I see a few gathered down the escalator. One is holding my bags. I can't hear what they are saying. But, I bet they are asking one another, who on earth these bags belongs to.

I better go get my bags...I have to move on. I have no time to stand here feel sorry for myself and angry at the person who did this to me!

Couple hours later, after I have vented my anger to one of the station superintendents, placed a band aid on my knee, which I had almost forgotten I had in my wallet, told my story to half a dozen people; I feel much better. In fact, a smile lits my face every time I think about the incident; definitely something to remember for years to come.

Friday, August 04, 2006

Finch Station is different ...

She plays keyboard and he plays violin. Together they create the most delighful music that ranges from "Waves of the Danube" to "La Cumparsita". As I proceed with my morning commute through Finch Station I listen to the art Indulis and Ilga Suna create. Each and everyday when I listen to them I feel the surge of excitement then comes the goose bumps as I hum the familiar tune, eventually I launch into this very happy go lucky mood that lasts even after the music fades away and through the hectic morning commute.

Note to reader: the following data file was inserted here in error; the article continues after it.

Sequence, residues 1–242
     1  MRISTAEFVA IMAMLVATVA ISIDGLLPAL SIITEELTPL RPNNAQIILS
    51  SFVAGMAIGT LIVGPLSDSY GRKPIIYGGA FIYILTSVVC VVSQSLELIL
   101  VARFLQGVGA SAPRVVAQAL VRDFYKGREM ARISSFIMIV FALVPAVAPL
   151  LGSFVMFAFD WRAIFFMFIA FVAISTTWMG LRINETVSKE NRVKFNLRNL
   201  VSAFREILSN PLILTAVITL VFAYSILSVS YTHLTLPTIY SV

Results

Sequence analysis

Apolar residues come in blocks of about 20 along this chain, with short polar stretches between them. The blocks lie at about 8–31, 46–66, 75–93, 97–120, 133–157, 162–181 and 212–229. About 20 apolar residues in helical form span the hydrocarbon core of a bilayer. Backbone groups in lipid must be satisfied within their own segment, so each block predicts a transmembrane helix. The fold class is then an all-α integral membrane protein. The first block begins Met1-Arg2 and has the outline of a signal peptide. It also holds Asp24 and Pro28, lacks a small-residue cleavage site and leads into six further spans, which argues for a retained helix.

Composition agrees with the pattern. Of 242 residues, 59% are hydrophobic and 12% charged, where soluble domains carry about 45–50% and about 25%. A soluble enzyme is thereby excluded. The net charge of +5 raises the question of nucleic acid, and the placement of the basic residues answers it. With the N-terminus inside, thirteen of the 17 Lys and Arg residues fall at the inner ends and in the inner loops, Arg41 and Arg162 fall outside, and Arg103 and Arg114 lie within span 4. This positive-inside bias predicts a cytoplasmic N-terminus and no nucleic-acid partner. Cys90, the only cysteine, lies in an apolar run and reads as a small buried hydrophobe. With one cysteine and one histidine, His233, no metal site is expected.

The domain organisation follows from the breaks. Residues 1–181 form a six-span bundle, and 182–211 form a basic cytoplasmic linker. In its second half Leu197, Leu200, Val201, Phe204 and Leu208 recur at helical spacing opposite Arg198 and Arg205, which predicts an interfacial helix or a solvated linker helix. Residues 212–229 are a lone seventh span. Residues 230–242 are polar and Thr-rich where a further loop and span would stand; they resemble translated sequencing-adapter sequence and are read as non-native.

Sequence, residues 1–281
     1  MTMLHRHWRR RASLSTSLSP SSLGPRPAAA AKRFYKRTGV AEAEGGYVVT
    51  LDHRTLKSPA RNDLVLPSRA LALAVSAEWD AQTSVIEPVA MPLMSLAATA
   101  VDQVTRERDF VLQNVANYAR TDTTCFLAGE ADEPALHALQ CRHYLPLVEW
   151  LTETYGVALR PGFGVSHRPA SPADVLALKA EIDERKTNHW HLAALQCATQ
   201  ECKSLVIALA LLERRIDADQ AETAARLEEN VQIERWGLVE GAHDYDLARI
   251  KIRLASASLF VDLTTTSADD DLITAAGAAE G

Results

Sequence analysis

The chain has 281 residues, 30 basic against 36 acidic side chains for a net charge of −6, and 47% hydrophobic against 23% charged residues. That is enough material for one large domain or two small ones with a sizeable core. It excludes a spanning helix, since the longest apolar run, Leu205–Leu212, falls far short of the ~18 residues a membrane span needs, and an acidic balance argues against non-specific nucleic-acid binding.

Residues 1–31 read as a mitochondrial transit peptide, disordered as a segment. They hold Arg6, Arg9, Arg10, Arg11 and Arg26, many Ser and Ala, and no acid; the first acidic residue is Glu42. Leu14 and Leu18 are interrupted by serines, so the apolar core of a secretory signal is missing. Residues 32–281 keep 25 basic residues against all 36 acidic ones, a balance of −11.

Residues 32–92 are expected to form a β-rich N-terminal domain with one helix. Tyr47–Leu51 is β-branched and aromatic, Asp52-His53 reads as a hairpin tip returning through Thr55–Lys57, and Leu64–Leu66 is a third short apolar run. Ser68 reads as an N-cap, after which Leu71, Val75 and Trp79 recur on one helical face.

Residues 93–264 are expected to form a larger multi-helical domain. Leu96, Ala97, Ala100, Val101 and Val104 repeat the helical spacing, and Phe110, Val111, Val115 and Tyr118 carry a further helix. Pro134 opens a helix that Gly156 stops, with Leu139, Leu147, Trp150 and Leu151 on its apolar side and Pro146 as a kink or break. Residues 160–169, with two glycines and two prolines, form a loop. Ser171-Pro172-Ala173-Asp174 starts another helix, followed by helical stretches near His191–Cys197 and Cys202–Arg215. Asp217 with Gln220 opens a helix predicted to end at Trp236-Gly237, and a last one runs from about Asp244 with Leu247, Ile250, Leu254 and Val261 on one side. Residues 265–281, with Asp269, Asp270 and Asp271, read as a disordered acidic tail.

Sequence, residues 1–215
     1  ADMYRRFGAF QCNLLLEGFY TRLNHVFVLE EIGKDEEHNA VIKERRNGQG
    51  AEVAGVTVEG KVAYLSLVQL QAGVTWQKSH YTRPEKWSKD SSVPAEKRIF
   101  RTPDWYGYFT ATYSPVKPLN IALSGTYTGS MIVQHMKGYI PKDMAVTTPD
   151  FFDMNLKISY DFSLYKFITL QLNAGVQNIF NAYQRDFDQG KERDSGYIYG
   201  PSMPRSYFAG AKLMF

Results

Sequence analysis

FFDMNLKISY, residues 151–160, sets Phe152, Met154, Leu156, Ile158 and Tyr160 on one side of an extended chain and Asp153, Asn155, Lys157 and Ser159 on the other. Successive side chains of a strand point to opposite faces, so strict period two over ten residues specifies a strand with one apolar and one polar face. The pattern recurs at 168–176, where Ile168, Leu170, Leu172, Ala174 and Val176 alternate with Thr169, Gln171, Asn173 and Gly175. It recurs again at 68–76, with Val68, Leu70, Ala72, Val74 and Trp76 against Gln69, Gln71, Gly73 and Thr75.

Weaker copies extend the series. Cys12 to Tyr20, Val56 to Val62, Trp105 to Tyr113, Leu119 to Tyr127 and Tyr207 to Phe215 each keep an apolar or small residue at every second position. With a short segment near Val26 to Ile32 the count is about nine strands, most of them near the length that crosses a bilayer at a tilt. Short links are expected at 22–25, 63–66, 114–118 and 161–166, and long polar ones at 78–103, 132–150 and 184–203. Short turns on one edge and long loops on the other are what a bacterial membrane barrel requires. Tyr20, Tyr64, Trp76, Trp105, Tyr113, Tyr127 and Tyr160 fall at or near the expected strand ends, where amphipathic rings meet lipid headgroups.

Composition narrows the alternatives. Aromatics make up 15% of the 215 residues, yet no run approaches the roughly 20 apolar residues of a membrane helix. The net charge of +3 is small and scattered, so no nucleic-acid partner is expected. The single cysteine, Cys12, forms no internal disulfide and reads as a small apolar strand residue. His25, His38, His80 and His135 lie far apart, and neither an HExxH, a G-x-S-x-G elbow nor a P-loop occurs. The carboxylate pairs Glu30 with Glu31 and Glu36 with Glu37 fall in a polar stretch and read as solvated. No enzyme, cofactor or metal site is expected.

A great quote

"Most people say that it is the intellect which makes a great scientist. They are wrong: it is character."
— Albert Einstein, Swiss-American mathematician, physicist, and public philosopher (1879-1955)

Tuesday, July 25, 2006

3-days tour of Canada East

Quebec City is a beautiful jewel. It has 380 years of history and has been recognized by UNESCO as the World Heritage site. The most amazing feature of this city is its frontier--built over the span of many years to protect the city from the frequent attacks of British or the French. Today about 580,000 people live in this city.

This picture shows old Montreal, Place Jacques-Cartier, close to the port. For many years this area has been the center for celebration and joy for fishermen, residents and all. Today this area has the most amazing array of restaurants and live entertainment.